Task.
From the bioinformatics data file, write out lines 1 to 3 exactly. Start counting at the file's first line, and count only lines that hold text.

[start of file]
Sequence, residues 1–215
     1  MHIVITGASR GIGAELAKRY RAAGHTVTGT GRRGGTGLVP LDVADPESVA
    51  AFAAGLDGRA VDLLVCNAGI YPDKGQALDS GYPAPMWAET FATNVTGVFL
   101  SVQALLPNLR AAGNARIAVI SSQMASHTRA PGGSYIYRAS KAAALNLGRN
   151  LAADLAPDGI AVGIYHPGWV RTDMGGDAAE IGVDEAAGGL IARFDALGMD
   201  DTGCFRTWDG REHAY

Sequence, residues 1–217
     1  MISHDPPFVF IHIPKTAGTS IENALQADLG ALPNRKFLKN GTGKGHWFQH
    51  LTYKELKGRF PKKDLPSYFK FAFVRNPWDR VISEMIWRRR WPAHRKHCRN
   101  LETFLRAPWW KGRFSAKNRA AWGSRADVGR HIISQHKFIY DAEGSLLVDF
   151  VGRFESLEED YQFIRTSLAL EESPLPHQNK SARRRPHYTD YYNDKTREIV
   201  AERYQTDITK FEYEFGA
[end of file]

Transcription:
Sequence, residues 1–215
     1  MHIVITGASR GIGAELAKRY RAAGHTVTGT GRRGGTGLVP LDVADPESVA
    51  AFAAGLDGRA VDLLVCNAGI YPDKGQALDS GYPAPMWAET FATNVTGVFL